Based on scientific knowledge in the field of research topic and previous studies (Cieszewski et al., 2007; Liziniewicz et al., 2016; Bravo-Oviedo et al., 2008; Scolforo et al., 2016; Martin-Benito et al., 2008; Sharma et al., 2011) in which this method has been used and proven to be capable of achieving good results, the generalized algebraic difference approach (GADA) was used in this study. GADA models used in this study are either based on base equations of fractional form (Hossfeld, King-Prodan and Strand) or exponential form (Chapman-Richards, Korf and Sloboda). In total, fifteen different equations, adopted from Sharma et al. 2011 and Liziniewicz et al. 2016, were tested in this study (Table 2). Amongst fifteen tested equations, five of them were GADA formulations of Chapman-Richards growth equation (equations (F01 – F05)), seven of them (equations (F06 – F12)) were derived from three different base equations of Hossfeld, including F06, developed by Elfving and Kiviste (1997). Of the remaining five equations, two of them were GADA formulations of Korf (F13 – F14) and the last three (equations (F15 – F17)) were GADA formulations of King-Prodan, Sloboda and Strand base equations respectively. The equations presented in this study can be defined by their parameters of the base model form (a1, a2,..., an and H, S,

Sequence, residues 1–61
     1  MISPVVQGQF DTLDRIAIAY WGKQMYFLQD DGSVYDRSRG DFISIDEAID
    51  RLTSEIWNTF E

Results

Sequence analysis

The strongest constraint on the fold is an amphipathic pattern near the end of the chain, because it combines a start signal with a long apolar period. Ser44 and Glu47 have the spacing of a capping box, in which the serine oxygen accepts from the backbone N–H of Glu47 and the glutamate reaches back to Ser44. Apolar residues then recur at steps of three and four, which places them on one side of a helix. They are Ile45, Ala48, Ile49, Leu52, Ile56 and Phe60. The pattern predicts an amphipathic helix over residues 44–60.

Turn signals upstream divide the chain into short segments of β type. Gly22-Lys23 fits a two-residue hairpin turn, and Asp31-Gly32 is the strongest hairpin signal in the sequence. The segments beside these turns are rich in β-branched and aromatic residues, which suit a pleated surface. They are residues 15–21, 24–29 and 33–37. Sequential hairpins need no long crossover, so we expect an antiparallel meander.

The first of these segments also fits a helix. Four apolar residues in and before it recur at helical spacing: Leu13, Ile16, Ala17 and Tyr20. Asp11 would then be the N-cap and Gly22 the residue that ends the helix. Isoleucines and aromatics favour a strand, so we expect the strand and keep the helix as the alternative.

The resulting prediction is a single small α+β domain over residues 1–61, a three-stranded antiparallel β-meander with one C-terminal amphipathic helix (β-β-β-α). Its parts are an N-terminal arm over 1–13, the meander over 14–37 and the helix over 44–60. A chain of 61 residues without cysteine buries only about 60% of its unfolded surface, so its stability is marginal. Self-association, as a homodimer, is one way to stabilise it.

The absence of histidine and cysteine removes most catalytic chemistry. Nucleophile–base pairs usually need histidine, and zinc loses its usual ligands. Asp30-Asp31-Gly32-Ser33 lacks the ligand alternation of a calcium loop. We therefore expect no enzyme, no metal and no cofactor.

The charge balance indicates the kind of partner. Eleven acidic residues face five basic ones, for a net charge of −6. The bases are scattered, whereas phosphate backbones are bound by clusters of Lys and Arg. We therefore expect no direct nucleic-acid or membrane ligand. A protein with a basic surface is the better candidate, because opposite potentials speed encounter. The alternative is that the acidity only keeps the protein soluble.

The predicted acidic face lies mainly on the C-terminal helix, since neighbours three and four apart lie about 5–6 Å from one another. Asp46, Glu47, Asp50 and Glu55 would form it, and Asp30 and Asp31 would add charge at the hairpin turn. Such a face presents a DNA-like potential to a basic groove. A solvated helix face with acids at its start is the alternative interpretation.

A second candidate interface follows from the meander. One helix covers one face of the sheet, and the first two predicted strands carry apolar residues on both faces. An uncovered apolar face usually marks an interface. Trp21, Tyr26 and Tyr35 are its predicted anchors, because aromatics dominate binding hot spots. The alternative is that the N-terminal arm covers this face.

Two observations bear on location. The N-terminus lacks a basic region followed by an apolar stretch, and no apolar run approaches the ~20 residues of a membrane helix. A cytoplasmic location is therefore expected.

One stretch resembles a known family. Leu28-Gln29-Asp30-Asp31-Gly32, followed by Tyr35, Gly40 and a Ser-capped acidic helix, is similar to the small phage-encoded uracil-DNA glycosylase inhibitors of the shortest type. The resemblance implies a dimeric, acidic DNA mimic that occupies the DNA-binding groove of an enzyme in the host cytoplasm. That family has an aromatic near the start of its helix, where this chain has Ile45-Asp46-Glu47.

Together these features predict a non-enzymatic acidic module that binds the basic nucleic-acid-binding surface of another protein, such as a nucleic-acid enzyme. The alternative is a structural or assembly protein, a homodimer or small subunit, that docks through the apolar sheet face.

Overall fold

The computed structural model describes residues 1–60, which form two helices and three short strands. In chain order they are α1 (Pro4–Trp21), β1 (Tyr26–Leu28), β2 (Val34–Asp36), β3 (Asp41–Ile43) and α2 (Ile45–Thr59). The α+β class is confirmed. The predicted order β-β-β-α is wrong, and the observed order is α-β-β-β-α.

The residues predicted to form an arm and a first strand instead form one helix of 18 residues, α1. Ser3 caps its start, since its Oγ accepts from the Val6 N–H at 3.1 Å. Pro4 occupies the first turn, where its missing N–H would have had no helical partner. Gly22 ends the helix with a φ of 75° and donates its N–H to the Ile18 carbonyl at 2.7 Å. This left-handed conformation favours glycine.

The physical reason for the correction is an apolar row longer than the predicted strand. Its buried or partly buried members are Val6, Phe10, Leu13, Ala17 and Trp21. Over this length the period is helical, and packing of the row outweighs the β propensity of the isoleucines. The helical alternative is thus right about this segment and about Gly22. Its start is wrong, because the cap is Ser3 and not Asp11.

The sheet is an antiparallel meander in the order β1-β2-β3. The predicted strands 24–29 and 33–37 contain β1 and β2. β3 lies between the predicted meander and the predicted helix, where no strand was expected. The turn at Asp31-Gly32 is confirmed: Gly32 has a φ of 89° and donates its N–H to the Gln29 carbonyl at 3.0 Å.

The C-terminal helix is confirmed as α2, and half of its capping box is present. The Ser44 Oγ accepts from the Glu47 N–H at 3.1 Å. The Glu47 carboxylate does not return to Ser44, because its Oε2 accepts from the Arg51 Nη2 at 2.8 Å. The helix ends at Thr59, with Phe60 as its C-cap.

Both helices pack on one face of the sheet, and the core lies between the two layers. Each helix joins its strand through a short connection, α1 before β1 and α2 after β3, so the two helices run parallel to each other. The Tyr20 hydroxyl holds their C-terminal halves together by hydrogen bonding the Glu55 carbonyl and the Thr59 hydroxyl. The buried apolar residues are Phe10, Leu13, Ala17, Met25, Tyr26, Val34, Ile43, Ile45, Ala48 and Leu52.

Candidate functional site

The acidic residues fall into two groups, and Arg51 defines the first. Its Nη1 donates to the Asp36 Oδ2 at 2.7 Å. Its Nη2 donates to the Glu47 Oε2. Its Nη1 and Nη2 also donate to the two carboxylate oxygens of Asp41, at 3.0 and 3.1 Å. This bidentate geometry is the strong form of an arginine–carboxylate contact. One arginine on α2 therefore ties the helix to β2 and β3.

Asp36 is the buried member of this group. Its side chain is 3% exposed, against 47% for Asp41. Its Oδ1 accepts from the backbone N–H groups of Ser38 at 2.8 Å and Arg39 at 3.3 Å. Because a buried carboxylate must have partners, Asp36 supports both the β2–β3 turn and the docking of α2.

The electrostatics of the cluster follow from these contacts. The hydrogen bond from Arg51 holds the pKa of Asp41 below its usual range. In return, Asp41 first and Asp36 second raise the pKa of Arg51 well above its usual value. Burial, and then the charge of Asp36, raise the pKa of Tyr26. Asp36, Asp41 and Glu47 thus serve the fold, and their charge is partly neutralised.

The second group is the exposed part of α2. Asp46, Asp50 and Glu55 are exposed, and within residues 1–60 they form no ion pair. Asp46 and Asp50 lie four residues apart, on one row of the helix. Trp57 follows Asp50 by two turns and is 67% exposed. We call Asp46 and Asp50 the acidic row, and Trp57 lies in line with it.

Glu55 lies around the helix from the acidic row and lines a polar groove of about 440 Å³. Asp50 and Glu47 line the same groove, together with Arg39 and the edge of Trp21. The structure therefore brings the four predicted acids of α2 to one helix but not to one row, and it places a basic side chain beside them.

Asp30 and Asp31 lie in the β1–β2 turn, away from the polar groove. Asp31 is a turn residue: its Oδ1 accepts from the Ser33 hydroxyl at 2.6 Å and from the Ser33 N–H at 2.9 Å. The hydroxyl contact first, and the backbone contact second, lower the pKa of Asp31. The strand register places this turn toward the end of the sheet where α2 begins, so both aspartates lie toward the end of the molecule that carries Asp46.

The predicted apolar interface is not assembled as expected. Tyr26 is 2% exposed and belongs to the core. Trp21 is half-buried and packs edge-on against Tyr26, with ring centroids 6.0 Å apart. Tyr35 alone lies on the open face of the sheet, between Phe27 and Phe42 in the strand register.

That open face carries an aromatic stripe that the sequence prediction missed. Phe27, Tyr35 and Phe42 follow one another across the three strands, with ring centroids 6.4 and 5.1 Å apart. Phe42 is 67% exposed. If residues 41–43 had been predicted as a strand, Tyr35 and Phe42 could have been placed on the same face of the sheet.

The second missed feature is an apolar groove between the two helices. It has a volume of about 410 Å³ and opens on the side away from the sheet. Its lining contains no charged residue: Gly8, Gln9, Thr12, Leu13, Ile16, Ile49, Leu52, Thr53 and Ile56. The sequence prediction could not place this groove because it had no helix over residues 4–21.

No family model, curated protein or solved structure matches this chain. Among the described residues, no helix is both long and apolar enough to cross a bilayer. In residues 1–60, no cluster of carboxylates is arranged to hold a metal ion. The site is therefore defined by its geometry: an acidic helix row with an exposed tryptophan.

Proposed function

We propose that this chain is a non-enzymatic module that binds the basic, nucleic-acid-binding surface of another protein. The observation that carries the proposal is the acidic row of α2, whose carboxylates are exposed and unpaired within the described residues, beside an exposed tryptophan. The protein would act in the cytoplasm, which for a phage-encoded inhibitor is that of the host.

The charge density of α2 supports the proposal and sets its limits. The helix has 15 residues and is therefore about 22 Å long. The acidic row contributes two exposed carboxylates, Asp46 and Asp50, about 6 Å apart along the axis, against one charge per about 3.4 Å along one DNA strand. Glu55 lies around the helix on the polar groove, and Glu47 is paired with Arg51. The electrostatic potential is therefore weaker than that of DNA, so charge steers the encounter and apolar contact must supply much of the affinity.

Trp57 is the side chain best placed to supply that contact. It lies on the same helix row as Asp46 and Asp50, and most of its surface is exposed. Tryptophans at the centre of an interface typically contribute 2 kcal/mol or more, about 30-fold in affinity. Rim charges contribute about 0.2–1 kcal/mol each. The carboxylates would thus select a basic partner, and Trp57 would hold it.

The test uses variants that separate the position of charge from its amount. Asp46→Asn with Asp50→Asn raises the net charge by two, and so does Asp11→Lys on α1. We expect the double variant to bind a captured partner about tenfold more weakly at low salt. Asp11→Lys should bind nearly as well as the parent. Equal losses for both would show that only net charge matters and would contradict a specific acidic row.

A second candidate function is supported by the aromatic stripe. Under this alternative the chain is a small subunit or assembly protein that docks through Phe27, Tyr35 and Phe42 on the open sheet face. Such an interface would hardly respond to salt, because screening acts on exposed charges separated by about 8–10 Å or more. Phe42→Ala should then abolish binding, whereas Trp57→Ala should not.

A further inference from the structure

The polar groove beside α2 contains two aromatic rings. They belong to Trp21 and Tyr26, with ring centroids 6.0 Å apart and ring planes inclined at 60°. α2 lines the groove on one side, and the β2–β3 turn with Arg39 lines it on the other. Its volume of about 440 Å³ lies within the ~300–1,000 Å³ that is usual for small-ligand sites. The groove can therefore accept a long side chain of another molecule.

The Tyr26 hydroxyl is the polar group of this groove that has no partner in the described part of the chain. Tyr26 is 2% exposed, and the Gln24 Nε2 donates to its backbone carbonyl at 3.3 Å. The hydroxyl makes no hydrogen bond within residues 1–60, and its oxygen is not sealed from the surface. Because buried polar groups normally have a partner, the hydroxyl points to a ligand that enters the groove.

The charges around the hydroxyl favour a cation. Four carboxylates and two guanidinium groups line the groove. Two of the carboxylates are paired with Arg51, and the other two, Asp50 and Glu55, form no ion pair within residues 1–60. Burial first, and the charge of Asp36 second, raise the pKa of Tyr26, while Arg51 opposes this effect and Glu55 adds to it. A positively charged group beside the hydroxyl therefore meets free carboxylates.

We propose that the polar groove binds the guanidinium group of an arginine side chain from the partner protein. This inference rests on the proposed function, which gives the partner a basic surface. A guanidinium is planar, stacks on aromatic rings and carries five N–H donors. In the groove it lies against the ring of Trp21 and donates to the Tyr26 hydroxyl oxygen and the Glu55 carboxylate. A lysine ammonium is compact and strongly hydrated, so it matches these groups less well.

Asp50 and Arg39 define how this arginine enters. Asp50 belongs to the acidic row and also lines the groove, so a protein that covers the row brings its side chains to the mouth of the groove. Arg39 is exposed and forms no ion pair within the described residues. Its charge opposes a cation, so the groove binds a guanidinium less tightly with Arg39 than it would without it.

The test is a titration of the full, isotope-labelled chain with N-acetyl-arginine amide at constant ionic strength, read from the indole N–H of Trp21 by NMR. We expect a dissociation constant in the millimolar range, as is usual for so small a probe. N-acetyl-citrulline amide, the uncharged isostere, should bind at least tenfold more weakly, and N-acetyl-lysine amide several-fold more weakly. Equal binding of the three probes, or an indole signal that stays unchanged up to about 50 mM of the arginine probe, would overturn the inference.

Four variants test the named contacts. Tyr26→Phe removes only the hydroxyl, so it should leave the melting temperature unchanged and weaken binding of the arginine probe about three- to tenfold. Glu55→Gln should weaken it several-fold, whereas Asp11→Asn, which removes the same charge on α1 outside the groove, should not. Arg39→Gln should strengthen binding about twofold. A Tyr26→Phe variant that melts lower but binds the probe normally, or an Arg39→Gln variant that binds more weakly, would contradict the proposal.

22 T ab le 2. B as e m o d el s an d g en er al iz ed al g eb rai c d if fer en ce m o d el s ( G A D A ) u sed i n t h is s tu d y B as e m o d el f o rm S ite -s p eci fi c p ar am et er s S o lu tio n f o r th eo re tic al v ar ia b le X G ADA m o d el f o r m us ed i n es ti m a ti o n o f t h e p a ra m et ers C h ap m an -R ich ar d s: 𝐻𝐻 = 𝑎𝑎1 (1 − 𝑒𝑒( − 𝑎𝑎2 𝑇𝑇) ) 𝑎𝑎3 𝑎𝑎1 = X 𝑋𝑋0 = 𝐻𝐻0 (1 − exp (− 𝑏𝑏2 𝑇𝑇0 )) 𝑏𝑏3 𝑯𝑯 = � 𝟏𝟏 − 𝐞𝐞𝐞𝐞𝐞𝐞 (− 𝒃𝒃𝟐𝟐 𝑻𝑻) 𝟏𝟏 − 𝐞𝐞𝐞𝐞𝐞𝐞 (− 𝒃𝒃𝟐𝟐 𝑻𝑻𝟎𝟎 )� 𝒃𝒃𝟑𝟑 (F 01) 𝑎𝑎2 = X 𝑋𝑋0 = − ln (1 − (𝐻𝐻0 /𝑏𝑏1 ) 1/ 𝑏𝑏3 ) 𝑇𝑇0 𝑯𝑯 = 𝒃𝒃𝟏𝟏 �𝟏𝟏 − �𝟏𝟏 − � 𝑯𝑯𝟎𝟎 � 𝒃𝒃𝟏𝟏 𝟏𝟏/ 𝒃𝒃𝟑𝟑 � 𝑻𝑻/ 𝑻𝑻𝟎𝟎 � 𝒃𝒃𝟑𝟑 (F 02) 𝑎𝑎3 = X 𝑋𝑋0 = − ln (𝐻𝐻0 /𝑏𝑏1 ) ln (1 − exp (− 𝑏𝑏2 𝑇𝑇0 )) 𝑯𝑯 = 𝒃𝒃𝟏𝟏 � 𝑯𝑯𝟎𝟎 � 𝒃𝒃𝟏𝟏 (𝐥𝐥𝐥𝐥 (𝟏𝟏 − 𝐞𝐞𝐞𝐞𝐞𝐞 (− 𝒃𝒃𝟐𝟐 𝑻𝑻) )) (𝐥𝐥𝐥𝐥 (𝟏𝟏 − 𝐞𝐞𝐞𝐞𝐞𝐞 (− 𝒃𝒃𝟐𝟐 𝑻𝑻𝟎𝟎 )) ) (F 03) 𝑎𝑎1 = exp (𝑋𝑋 ) 𝑎𝑎3 = 𝑏𝑏2 + 𝑏𝑏3 𝑋𝑋 𝑋𝑋0 = 1 �𝛹𝛹 2 + �𝛹𝛹 2 − 4𝑏𝑏3 𝛷𝛷 � w h er e 𝛹𝛹 = ln 𝐻𝐻0 − 𝑏𝑏2 𝛷𝛷 and 𝛷𝛷 = ln (1 − exp (− 𝑏𝑏1 𝑡𝑡0 )) 𝑯𝑯 = 𝑯𝑯𝟎𝟎 � 𝟏𝟏 − 𝒆𝒆𝒆𝒆 𝒆𝒆( − 𝒃𝒃𝟏𝟏 𝑻𝑻) 𝟏𝟏 − 𝒆𝒆𝒆𝒆 𝒆𝒆( − 𝒃𝒃𝟏𝟏 𝑻𝑻𝟎𝟎 )� (𝒃𝒃𝟐𝟐 + 𝒃𝒃𝟑𝟑 /𝑿𝑿𝟎𝟎 ) (F 04) H o ssf el d b as ed m ode l o f E lf vi ng a nd K ivi st e ( 199 7) 𝐻𝐻 = 𝑎𝑎1 1 + 𝑎𝑎2 𝑇𝑇 − 𝑎𝑎 3 S ol ve d w it h a n a ss um pt ion t ha t 𝑎𝑎2 = 𝑎𝑎3 /𝑆𝑆 𝑯𝑯 = 𝑯𝑯𝟎𝟎 + 𝒅𝒅 + 𝒓𝒓 𝟐𝟐 + (𝟒𝟒 𝒃𝒃𝟑𝟑 /𝑻𝑻 𝒃𝒃𝟐𝟐)/ (𝑯𝑯𝟎𝟎 − 𝒅𝒅 + 𝒓𝒓) , w h ere 𝒅𝒅 = 𝒃𝒃𝟏𝟏 𝒃𝒃 𝟐𝟐𝑨𝑨𝒔𝒔𝒔𝒔 an d 𝒓𝒓 = �(𝑯𝑯 𝟎𝟎 − 𝒅𝒅) 𝟐𝟐 + 𝟒𝟒𝒃𝒃𝟑𝟑 𝑯𝑯𝟎𝟎 𝑻𝑻𝟎𝟎 − 𝒃𝒃𝟐𝟐 (F0 5 )